Power to the corporates
Some businesses benefitted from the higher-inflationary environment. Can consumers afford the higher prices for much longer? This article takes a closer look at corporate pricing power.
Published on 24 May 20235 minute read
Written by Daniel Casali
The resilience of corporate earnings has been one of the more surprising features of the past 12 months. Despite the biggest interest rate rises in 40 years, geopolitical tensions and the looming threat of recession, earnings have been largely flat. Much of the corporate sector has shown real and sustained pricing power, allowing them to improve profit margins and deliver stronger earnings.
What is pricing or market power?
Pricing power, also known as market power, is when a business can raise the price of an item without it materially impacting demand. This then increases their profits.
Where does pricing power come from?
In many cases, this pricing power has its roots in the pandemic. Lockdowns across the globe brought supply shocks, bottlenecks and shortages of goods. Businesses have taken advantage of a higher-inflationary environment to increase the prices charged for goods and services. This corporate pricing power has enabled firms to offset rising input costs, such as wages and materials.
That said, some sectors may benefit more than others. In general, companies with more monopolistic characteristics have been in a better position to pass on rising prices. That includes sectors such as energy, technology (particularly semiconductors) and materials. Sectors such as real estate, utility and consumer discretionary companies have found it more difficult to raise prices.
The latest performance from corporates
The latest earnings season has shown clear evidence of this pricing power. Unilever, for example, has seen flat volume growth but has been able to raise prices by over 10%. Nestlé has pushed its prices up 10% in the year to March 2023, while Coca-Cola raised its prices 16% in 2022 and plans to raise them a further 13% this year1. A similar phenomenon is happening in the services sector - Aston Villa, for example, increased its ticket prices by 15% for next season2.
This is not just a phenomenon for branded goods. In fact, price rises for staples and own-brand labels have outpaced their branded rivals in many cases. Own-brand baked beans, for example, are up more than Heinz, while Asda butter has shown stronger price rises than Lurpak2. The phenomenon of shrinkflation is also in evidence in everything from crisps, tissues and washing powder.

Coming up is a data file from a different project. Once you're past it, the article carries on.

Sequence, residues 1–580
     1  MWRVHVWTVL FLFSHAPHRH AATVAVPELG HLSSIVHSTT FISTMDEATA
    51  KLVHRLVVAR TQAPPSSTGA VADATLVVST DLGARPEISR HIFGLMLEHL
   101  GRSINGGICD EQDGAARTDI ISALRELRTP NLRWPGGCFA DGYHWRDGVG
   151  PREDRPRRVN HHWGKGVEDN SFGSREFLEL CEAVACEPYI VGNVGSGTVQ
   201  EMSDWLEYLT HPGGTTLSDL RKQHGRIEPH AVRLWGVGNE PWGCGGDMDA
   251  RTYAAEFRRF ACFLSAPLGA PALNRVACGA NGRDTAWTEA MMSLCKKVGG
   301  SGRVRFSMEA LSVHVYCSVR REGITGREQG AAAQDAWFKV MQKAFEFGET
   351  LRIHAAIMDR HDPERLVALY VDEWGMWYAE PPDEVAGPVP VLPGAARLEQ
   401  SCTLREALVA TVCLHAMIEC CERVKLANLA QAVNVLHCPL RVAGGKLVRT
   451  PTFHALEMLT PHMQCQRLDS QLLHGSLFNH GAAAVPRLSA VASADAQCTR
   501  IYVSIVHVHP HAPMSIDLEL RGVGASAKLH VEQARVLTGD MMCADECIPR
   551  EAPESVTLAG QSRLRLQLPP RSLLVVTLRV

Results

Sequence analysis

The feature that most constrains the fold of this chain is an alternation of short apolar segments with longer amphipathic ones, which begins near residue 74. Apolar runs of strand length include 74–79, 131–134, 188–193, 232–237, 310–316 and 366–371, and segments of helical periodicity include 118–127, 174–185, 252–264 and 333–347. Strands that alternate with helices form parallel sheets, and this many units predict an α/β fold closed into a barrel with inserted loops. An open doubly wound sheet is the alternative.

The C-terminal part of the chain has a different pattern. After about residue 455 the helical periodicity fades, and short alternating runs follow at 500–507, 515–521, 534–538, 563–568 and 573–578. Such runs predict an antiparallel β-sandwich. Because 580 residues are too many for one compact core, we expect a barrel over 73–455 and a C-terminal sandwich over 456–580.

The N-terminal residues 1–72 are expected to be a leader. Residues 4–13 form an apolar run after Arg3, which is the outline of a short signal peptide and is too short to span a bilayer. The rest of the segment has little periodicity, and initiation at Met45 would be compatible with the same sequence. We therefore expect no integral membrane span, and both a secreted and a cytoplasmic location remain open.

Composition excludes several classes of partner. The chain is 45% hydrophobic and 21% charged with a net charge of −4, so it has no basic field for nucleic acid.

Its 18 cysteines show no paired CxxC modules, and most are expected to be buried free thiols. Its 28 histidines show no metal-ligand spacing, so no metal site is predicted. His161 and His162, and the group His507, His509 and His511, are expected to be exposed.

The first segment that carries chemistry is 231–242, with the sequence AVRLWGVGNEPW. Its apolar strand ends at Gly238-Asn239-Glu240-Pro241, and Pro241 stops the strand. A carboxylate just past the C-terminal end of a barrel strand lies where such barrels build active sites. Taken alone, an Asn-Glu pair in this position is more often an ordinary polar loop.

What is shrinkflation?
Shrinkflation is another way companies demonstrate their pricing power by reducing the package size of their goods but continuing to charge the same price. Smaller packets or fewer items in those packs are less noticeable than raising prices. Even less obvious is companies start to cut corners on their products, such as reducing some ingredients in favour of cheaper alternatives. All have the same effect: passing on the price rises to the consumer.
Will consumers be able to afford higher prices long term?
For the time being, it appears that there is still some slack in the system. An examination of real household purchasing power in the US (which considers various income sources, including labour earnings, dividends, social transfers, consumer credit and wealth from housing) found that it is still growing, albeit below its long-term average (3.3% versus 3.7%)3. Corporates recognise that they can pass on higher costs.
The impact of weaker property prices is also a factor. Property prices have wobbled and, in the past, this has exerted a dampening effect on consumption, particularly in countries such as the UK where a lot of wealth is tied up in housing. If there were a significant slowdown in consumption, it would be increasingly difficult for companies to raise prices.
Sales levels remain resilient, suggesting that higher prices aren’t deterring consumers. This is particularly true when compared to previous shocks, such as the global financial crisis or pandemic. Relatively sticky inflation continues to give corporates the cover to raise pricing power. Equally, product shortages remain and may take a number of years to normalise.
As such, we can see continued strength in corporate profit margins. While some deceleration in growth is likely, profit margins remain a long way from historical averages and look well-supported. Analysts are expecting 10-11% earnings growth for 2024 and 2025, respectively, with corporate pricing power giving a broad-based lift to earnings4. We expect listed companies globally to show resilience and come close to these EPS forecasts.
In reality, the pandemic has worked in favour of corporates. Individuals may now be experiencing a cost-of-living crisis, but it is a cost-of-living boom for the corporate sector. They have managed to pass on rising prices and shore up their profit margins. This should be supportive for stock markets in the year ahead.
1 BBC News / Reuters
2 Michael, D., Aston Villa: Season ticket rise 'seems excessive and out of step', BBC Sport, 25 April 2023
4 Refinitiv / Evelyn Partners
By necessity, this briefing can only provide a short overview and it is essential to seek professional advice before applying the contents of this article. This briefing does not constitute advice nor a recommendation relating to the acquisition or disposal of investments. No responsibility can be taken for any loss arising from action taken or refrained from on the basis of this publication. Details correct at time of writing.
The value of an investment may go down as well as up and you may get back less than you originally invested.
This article is based on our opinions which may change.
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